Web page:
Cameron gives top environment policy job to oil man ahead of major climate talks – ‘Like asking Count Dracula for advice before a conference on veganism’Posted by Jim at Monday, September 21, 2015
By Harry Davies
17 September 2015
(The Guardian) – Environmentalists have criticised a decision to appoint a former consultant to major oil and gas companies as David Cameron’s key adviser on energy and environment policy.
Stephen Heidari-Robinson, a little-known consultant from oilfield services company Schlumberger, arrives in Downing Street just months before the prime minister is expected to attend the UN’s global climate change summit which begins in Paris in December.
A Number 10 spokesman confirmed the appointment of Heidari-Robinson, who started in the job this week. It is understood he will serve as a lead energy and environment adviser to the prime minister, liaising with senior ministers and officials across Whitehall.
He joins Cameron’s top team from Schlumberger’s London-based consulting division where he advised companies including BP, Shell and Chevron and co-authored a paper critical of the tax regime on North Sea oil and gas production.
Number 10’s spokesman said Heidari-Robinson has been appointed for his experience and expertise, however according to his LinkedIn profile he has little previous experience in environment or climate change policy.
Prior to Schlumberger, Heidari-Robinson worked at multinational consultancy firm McKinsey, advising state-owned oil companies in the Middle East. He previously worked at the Ministry of Defence for six years and is an Oxford graduate and Persian speaker.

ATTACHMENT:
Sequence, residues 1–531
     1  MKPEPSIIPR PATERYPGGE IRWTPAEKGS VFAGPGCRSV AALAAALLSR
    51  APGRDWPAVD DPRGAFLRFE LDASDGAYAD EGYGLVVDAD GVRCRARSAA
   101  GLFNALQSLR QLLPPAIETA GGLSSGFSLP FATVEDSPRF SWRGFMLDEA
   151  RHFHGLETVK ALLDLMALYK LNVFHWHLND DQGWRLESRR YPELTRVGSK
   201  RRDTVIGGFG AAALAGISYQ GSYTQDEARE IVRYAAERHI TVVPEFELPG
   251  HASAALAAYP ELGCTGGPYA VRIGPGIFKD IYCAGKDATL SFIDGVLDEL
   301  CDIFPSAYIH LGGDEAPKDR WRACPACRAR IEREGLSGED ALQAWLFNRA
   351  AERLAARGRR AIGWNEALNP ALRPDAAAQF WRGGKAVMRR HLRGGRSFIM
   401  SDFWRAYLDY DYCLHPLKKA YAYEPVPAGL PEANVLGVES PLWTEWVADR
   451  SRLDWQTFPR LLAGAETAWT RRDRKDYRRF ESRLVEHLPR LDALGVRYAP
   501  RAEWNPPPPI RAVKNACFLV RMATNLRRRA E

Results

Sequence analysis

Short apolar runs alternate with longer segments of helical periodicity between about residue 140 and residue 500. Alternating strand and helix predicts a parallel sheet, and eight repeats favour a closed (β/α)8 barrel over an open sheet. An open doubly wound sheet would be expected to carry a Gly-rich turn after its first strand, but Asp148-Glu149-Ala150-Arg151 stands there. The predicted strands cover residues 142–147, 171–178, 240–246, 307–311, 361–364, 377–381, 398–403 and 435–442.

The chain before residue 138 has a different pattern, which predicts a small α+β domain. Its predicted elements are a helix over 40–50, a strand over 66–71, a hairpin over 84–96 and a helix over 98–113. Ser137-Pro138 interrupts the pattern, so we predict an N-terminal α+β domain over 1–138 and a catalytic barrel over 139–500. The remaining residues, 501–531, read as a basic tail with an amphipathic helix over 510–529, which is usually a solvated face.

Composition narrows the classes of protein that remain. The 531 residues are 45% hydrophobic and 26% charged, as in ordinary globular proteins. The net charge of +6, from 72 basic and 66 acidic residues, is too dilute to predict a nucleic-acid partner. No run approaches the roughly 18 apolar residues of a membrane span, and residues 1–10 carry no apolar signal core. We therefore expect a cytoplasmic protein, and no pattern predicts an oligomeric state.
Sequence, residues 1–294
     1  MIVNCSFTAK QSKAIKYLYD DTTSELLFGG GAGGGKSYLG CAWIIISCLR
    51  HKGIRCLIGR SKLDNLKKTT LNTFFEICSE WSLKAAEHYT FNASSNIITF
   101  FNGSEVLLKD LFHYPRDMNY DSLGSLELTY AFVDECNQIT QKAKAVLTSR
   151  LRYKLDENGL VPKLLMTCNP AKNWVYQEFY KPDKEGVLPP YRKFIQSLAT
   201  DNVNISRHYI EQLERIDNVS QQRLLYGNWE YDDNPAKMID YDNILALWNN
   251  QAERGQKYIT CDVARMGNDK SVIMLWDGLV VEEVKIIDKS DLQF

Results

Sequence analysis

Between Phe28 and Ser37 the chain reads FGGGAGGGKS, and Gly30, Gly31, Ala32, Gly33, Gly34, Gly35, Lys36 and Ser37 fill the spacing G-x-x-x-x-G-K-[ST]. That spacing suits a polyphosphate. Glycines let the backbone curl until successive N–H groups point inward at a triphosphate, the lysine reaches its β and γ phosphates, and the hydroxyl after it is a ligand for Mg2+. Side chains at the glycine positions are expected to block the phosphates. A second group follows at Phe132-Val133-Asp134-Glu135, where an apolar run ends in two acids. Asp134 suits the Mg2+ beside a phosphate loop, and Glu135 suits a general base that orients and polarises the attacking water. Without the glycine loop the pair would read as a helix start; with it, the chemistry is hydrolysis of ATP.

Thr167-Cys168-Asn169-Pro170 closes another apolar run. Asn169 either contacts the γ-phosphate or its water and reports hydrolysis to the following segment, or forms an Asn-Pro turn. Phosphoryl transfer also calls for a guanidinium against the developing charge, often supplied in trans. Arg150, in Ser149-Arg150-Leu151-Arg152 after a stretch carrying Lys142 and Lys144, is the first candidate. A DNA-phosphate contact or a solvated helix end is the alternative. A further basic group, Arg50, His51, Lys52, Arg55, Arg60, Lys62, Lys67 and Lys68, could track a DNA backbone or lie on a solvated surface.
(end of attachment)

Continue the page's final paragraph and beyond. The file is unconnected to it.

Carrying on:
This is not the first time Cameron has drawn criticism over appointing a climate change adviser from the energy sector. Heidari-Robinson’s predecessor, Tara Singh, was previously a lobbyist for British Gas owner and fracking investor Centrica. Singh left Downing Street in April after two years in the job.
Singh replaced Ben Moxham, a former aide to Lord Browne, the former chief executive of BP. Moxham’s appointment in 2011 attracted controversy as he came straight from Riverstone, a private equity firm behind the UK-based shale gas company Cuadrilla.
Heidari-Robinson’s previous employer, Schlumberger, is a major player in the oil and gas industry providing a range of services to fossil fuel companies around the world. In the US, Schlumberger have developed many of the controversial drilling technologies used to extract oil and gas from shale formations.
Responding to the latest appointment, Greenpeace UK’s head of energy Daisy Sands said: “Hiring an oil man as an energy and environment adviser in the run-up to a major climate summit is like asking Count Dracula for advice before a conference on veganism. It shows yet again that the government remains enthralled to the oil and gas industries.” [more]